Can I Gamble While in Chapter 13?

Can I Gamble While in Chapter 13? A woman's hand pressing the spin button on a slot machine.

If we’ve said it once, we’ve said it a thousand times. Chapter 13 bankruptcy is a powerful tool to help individuals and families get their finances under control when debt has become unmanageable. Chapter 13 can stop a foreclosure or auto repossession, aggressive tax collectors and collection calls/letters, wage garnishment, and more. Then, it allows the bankruptcy filer, or debtor, to pay back their missed payments over 3 to 5 years, while paying pennies to the dollar on certain types of debt. However, there are certain restrictions. For starters, debtors must show they are making their best effort to pay unsecured creditors, which means allocating their disposable income to these debts. So, it shouldn’t come as a surprise that one of the questions we hear most often is, “Can I gamble while in Chapter 13?”

Can I Gamble While in Chapter 13?

The short answer is N-O. As we just mentioned, when in Chapter 13, the debtor must make their best effort to pay unsecured creditors. This means allocating all disposable income – that money left over after factoring in mandatory bankruptcy payments and approved monthly living expenses – to pay down debt. Approved monthly expenses include food, clothing, housing, utilities, transportation, telecommunication services (phone and internet), healthcare, life insurance, child care, and educational expenses necessary for employment – just to name a few. As you can guess, this leaves no wiggle room for gambling. And if the debtor uses income for gambling instead of paying for an approved expense, the Chapter 13 Trustee may move to dismiss the case. The Trustee may also request that the debtor turn over any winnings to pay down unsecured creditors. Remember, the Trustee routinely checks tax returns for evidence of gambling.

What Happens if My Chapter 13 is Involuntarily Dismissed?

Involuntary dismissal means that a Chapter 13 bankruptcy case is dismissed by the Court at the request of someone other than the bankruptcy filer. This can happen for any number of reasons, but could be a result if the debtor is found to be gambling while in a Chapter 13. When facing Chapter 13 involuntary dismissal, all is not lost. The debtor has a few options.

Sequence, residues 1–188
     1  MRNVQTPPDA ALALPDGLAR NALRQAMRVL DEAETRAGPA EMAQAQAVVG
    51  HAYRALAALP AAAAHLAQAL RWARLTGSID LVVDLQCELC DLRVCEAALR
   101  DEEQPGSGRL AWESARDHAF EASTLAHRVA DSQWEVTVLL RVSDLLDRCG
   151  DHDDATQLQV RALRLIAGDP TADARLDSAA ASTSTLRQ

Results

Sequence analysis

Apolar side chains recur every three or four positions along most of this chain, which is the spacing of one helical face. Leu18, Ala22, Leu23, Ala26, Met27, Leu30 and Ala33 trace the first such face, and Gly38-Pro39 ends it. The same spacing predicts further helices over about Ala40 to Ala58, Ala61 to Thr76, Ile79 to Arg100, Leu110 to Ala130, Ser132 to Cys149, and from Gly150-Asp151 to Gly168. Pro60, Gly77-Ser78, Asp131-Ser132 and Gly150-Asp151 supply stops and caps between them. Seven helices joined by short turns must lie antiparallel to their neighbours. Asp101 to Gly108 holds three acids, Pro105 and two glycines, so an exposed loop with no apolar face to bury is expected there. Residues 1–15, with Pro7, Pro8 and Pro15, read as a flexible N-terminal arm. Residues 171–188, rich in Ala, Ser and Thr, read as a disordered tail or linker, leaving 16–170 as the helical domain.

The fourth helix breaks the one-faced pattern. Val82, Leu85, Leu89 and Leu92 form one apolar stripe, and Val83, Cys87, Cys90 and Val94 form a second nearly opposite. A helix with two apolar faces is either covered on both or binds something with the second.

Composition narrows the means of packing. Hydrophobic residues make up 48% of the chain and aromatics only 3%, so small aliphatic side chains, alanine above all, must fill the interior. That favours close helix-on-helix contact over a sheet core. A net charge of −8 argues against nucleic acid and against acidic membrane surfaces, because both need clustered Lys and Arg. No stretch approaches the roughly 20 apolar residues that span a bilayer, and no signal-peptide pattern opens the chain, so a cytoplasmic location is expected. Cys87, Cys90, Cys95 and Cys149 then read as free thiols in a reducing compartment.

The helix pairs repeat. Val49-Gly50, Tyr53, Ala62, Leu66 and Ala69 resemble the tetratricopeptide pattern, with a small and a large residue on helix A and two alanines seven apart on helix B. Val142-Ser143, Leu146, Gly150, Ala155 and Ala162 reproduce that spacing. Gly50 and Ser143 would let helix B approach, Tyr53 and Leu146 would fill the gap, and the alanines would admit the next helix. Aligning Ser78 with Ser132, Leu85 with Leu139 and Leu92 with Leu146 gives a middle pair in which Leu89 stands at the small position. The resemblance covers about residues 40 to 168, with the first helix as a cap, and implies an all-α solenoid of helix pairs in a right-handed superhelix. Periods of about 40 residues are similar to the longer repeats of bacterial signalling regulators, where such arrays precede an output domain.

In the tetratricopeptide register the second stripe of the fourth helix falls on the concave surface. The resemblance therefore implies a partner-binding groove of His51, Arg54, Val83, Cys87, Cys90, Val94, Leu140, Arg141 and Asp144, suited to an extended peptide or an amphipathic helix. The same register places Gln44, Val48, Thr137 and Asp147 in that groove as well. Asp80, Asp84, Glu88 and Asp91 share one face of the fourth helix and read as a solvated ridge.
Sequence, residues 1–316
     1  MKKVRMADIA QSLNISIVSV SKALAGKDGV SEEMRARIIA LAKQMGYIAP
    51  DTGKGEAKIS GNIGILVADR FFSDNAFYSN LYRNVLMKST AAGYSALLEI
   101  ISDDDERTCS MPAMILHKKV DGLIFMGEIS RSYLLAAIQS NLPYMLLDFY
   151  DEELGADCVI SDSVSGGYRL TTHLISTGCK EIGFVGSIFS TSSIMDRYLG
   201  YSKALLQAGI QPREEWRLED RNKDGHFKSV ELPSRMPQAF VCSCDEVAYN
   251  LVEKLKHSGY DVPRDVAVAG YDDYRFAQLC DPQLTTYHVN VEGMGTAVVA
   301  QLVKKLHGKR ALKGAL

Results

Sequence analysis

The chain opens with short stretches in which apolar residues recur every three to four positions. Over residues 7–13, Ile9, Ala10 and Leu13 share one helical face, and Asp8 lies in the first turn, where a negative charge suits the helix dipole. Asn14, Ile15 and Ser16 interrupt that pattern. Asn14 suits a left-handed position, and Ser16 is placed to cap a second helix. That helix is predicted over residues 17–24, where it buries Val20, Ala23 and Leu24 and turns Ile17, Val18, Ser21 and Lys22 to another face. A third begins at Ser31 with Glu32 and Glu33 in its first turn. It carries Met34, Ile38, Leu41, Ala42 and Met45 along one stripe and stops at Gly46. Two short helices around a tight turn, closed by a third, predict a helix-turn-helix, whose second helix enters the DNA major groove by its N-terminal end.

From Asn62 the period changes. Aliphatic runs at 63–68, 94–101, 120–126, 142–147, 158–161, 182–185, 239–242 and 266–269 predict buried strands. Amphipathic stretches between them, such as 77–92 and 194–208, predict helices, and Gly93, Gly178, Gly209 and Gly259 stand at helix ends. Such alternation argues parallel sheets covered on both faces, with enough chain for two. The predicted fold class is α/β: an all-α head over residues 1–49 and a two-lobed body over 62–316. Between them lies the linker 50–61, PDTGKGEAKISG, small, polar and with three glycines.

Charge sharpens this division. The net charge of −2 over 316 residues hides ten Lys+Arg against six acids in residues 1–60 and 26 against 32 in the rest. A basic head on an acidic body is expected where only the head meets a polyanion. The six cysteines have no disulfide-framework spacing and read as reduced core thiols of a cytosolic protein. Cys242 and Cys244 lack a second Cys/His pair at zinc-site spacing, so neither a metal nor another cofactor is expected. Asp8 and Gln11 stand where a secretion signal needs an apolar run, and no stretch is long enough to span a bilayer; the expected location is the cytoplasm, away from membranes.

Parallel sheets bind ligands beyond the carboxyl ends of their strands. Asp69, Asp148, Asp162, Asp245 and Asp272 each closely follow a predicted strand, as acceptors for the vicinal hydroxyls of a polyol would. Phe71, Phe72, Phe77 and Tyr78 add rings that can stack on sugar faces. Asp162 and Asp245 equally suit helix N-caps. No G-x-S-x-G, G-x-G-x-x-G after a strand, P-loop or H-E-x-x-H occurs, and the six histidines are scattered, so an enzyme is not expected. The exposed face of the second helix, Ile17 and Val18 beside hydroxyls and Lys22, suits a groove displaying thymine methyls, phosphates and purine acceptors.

1. Oppose the Dismissal: If the involuntary dismissal is the result of a Trustee’s motion to dismiss, the debtor will have a chance to review and oppose the motion within 21 days. The debtor will need to be able to show proof that the motion for dismissal is the result of a misunderstanding or temporary setback.
  2. Appeal the Dismissal: When a case is dismissed, the debtor has the option to file a notice of appeal within 14 days of dismissal. However, this process can be extremely complex. The debtor will need to file a legal brief with the court explaining the circumstances and why they believe the court should grant the appeal. Then the debtor will be required to appear at a hearing to present oral arguments and either 1) prove that the court made a mistake or 2) present a very compelling reason why the dismissal should be overturned.
  3. Refile for Chapter 13: If the bankruptcy is involuntarily dismissed without prejudice, the debtor can refile for Chapter 13 bankruptcy immediately to fix the problems that arose in the first case. If the bankruptcy is dismissed with prejudice, meaning it was dismissed because of a willful failure to abide by court orders or because of a failure to appear before the court at required hearings, the debtor will not be able to refile for 180 days.
  4. File for Chapter 7 Bankruptcy Instead: If a Chapter 13 case has been dismissed, the debtor may be eligible to file for Chapter 7 bankruptcy instead as long as they are 1) under the income limits for the Chapter 7 Means Test; 2) have assets that can be exempted or is willing to give up non-exempt assets; and 3) meet all other requirements to file under Chapter 7.

Consult a Maryland Bankruptcy Attorney

Chapter 13 bankruptcy is a complicated process. So, if you have questions, like “Can I gamble while in Chapter 13?” it is a good idea to consult a bankruptcy attorney, like Steiner Law Group. We can help you understand the bankruptcy process, evaluate your options, and let you know how much of your disposable income will need to be allocated to pay non-priority unsecured creditors. Steiner Law Group is a boutique law firm in Maryland that assists individuals and businesses with bankruptcy and financial restructuring services. We have helped hundreds of individuals, families and businesses discharge millions in debt.

If you have more questions about Chapter 13 bankruptcy, please schedule a risk free consultation or contact Steiner Law Group, LLC a Baltimore, Maryland law firm at (410) 670-7060 to learn more about bankruptcy options.

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About Eric Steiner, Esquire

Mr. Steiner graduated from the University of Michigan Law School in 2006. Since then, he has focused his practice on bankruptcy, real estate, commercial and consumer collections, including representing the third largest lender in the greater Baltimore area.